As democratic values across the world are under attack, and as we emerge from the pandemic, Canadian political leaders must address not only the acute effects of the health crisis and lockdowns, not just the blockades we saw in Ottawa and at border crossings but also the underlying causes of populist rancour. But what is the antidote to populism? If there was a clear answer, someone would have implemented it by now. Nevertheless, I propose that progress, shared equally, is a good place to start.

Whether measured in terms of household income, innovation, democratic engagement, or personal satisfaction and happiness, people need to feel that they, and most people around them, are making progress; that they are moving forward in their lives, whatever that means to them. We need to ensure that the aspirations of regular Canadians—to find fulfillment through work, attain higher education if one wishes, and one day own a home—are within reach.

As political philosopher Michael J. Sandel has argued, “We live in an age of winners and losers, in which the odds are stacked in favour of the already fortunate.” Progress is not just the domain of progressives; any leader willing to centre the aspirations of ordinary Canadians can claim the mantle. Doing so will go a long way to proving Putin wrong: that free, liberal democracies, including Canada, are not vulnerable.

Paul W. Bennett: After COVID-19, Canada’s K-12 education is now a recovery mission

Commentary

Teachers on social media, often hiding behind anonymous names, are beginning to talk out-of-school with far more frequency. One of the better known and bravest, @TeacherGrind on Twitter, is grinding her teeth more than usual about the crushing burden of maintaining appearances two years into the pandemic.

Frontline teachers like @TeacherGrind are now speaking up about the fact that, in the absence of coherent and integrated policy, learning recovery is becoming their responsibility. “I have students who have missed every school day of school this year due to extenuating circumstances,” she reported, “and it keeps falling on the teachers to somehow support them independently.” Then, almost in desperation, she added: “This is why every district needs a remote option forever.”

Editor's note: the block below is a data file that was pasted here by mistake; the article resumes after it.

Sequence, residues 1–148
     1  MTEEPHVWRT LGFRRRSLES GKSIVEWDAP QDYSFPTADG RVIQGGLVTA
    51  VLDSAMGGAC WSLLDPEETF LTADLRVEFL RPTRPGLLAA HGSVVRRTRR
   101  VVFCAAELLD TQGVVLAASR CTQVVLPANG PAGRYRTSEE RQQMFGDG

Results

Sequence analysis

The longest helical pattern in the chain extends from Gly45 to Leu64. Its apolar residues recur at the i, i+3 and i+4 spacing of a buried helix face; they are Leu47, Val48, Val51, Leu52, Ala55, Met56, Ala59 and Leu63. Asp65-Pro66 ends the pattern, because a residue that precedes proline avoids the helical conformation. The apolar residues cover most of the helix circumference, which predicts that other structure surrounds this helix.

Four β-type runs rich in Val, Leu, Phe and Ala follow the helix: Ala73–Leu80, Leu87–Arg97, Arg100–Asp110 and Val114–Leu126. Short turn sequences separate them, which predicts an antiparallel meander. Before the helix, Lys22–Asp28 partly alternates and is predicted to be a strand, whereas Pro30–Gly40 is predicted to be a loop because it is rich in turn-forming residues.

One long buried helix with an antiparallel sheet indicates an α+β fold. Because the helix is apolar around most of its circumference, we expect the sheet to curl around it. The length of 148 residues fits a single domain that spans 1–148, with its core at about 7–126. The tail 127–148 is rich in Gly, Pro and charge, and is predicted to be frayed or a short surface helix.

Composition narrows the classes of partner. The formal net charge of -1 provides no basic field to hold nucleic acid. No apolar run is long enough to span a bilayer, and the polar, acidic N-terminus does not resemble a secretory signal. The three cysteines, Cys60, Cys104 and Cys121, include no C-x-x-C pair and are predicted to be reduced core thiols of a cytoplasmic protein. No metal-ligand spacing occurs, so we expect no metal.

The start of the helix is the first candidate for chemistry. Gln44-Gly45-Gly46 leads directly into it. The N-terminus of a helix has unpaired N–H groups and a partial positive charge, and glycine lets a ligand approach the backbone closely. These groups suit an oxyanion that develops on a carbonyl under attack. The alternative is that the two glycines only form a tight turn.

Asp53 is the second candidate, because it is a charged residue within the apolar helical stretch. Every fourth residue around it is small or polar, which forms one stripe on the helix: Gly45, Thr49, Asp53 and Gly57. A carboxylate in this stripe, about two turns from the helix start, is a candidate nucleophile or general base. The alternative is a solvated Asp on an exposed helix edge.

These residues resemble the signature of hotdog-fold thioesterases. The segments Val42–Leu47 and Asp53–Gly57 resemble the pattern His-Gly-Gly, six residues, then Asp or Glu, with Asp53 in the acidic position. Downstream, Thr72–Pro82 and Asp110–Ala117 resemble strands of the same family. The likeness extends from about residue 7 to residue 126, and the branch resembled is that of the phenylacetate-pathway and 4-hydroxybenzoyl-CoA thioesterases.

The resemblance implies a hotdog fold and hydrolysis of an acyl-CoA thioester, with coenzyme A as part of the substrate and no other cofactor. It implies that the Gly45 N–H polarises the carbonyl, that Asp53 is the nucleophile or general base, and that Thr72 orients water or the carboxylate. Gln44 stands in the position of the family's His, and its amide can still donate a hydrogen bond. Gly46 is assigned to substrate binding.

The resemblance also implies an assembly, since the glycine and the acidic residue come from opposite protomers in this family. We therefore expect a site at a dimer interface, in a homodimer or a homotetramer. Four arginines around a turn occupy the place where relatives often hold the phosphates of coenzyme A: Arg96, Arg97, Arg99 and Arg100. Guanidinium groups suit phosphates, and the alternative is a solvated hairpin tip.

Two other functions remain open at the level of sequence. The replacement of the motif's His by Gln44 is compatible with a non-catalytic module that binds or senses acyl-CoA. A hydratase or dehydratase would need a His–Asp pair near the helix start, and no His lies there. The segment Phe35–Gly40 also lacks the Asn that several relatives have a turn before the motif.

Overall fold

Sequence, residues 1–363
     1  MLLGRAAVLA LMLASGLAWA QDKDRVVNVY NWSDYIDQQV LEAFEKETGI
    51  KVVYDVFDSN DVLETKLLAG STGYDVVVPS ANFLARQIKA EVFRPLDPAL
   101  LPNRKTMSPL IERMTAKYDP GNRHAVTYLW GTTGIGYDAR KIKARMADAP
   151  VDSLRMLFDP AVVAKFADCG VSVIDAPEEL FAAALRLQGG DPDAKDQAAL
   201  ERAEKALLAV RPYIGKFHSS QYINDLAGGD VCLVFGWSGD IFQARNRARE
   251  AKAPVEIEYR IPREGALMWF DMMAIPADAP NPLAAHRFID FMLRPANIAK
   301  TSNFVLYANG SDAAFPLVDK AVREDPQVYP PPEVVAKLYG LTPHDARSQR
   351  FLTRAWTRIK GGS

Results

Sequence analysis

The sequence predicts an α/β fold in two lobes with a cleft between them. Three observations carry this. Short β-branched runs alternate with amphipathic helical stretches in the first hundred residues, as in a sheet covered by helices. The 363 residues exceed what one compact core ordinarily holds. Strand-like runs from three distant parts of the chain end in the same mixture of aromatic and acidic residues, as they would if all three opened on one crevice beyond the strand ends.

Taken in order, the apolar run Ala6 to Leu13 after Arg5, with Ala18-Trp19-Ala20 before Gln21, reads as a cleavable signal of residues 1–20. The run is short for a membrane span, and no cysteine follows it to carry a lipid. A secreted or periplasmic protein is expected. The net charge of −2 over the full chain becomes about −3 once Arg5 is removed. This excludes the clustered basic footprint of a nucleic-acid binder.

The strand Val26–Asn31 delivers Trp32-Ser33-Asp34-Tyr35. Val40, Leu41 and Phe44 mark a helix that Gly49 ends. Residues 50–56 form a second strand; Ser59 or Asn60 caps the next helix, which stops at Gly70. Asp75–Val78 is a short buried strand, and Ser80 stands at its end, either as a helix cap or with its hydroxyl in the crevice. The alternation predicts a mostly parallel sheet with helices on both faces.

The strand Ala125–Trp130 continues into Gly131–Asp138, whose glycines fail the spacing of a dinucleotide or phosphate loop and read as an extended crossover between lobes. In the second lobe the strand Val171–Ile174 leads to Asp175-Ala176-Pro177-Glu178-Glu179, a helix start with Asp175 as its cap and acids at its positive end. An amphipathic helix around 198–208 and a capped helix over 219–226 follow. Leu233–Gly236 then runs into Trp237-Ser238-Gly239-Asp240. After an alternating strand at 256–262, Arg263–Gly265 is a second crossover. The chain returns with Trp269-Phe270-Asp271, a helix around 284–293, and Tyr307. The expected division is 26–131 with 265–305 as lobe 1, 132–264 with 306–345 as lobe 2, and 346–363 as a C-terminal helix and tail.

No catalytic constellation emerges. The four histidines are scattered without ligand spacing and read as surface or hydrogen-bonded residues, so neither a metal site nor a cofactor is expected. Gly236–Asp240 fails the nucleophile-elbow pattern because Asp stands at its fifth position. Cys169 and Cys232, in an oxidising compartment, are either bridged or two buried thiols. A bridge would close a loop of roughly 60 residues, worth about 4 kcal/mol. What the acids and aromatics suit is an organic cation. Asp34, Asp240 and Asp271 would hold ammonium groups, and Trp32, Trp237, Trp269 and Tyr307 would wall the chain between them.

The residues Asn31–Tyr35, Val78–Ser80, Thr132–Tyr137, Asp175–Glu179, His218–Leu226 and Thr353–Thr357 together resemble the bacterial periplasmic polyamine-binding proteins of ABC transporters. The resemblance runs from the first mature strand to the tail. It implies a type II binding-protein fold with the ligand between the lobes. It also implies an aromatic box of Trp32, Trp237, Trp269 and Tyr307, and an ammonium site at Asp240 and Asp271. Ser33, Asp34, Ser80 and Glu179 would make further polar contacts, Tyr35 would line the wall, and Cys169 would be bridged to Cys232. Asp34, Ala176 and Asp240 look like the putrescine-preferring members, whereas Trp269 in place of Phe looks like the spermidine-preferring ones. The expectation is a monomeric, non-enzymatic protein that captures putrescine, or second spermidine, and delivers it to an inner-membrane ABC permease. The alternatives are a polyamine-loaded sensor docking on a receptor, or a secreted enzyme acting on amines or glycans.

Answering her cry, Nova Scotia high school arts education teacher Paul Syme (@symecreative) hit the nail on the head: “Class time is full and busy. Then, outside of class time is forfeited to communicating and planning for missing kids. This structured deficit needs to be met with a systemic remedy.”

Two full years into the COVID-19 pandemic, there is still no plan to address learning loss and move from assessing the collateral damage to planning for recovery. Speaking recently on TVO Ontario’s The Agenda, Western University education researcher Prachi Srivastava cut through the usual edu-babble: “I’m shocked at the lack of planning, at the lack of forward planning in the face of what is quite a predictable outcome,” referring to the short and long-term consequences of mass school closures.

When Srivastava speaks, education authorities should be listening and heeding her advice. She’s one of the few Canadian education researchers attuned to global education development and co-lead author of the June 2021 Ontario Science Table brief on the impact of educational disruption not only in Ontario but from province to province in Canada. Back in July 2021, she and the research team issued a follow-up report confirming the cumulative learning loss and social harms inflicted since March 2020 and recommending that, barring catastrophic circumstances, schools should remain open for in-person learning for the foreseeable future.

A pan-Canadian scan of Canadian K-12 COVID-related education plans conducted by Toronto-based People for Education and released in early February, after two years of disrupted schooling, came up virtually empty. While all provinces and territories have public health safety strategies for schools, few have anything approaching a vision or plan to manage, assess or respond to learning loss or the psych-social impact of mass school closures and none have allocated sufficient funding to prepare for post-pandemic recovery.

A near total lack of student data is seriously hampering our capacity to assess how the pandemic has affected student learning over the past two years. “One of the problems we have,” Srivastava told the London Free Press, “is that there is no baseline data.” That is confirmed, in spades, in the recent People for Education report. Only four of our 10 provinces and territories, British Columbia, Ontario, Quebec, and New Brunswick, are engaged (even in the 2021-22 school year) in any form of data collection, and it’s irregular at best.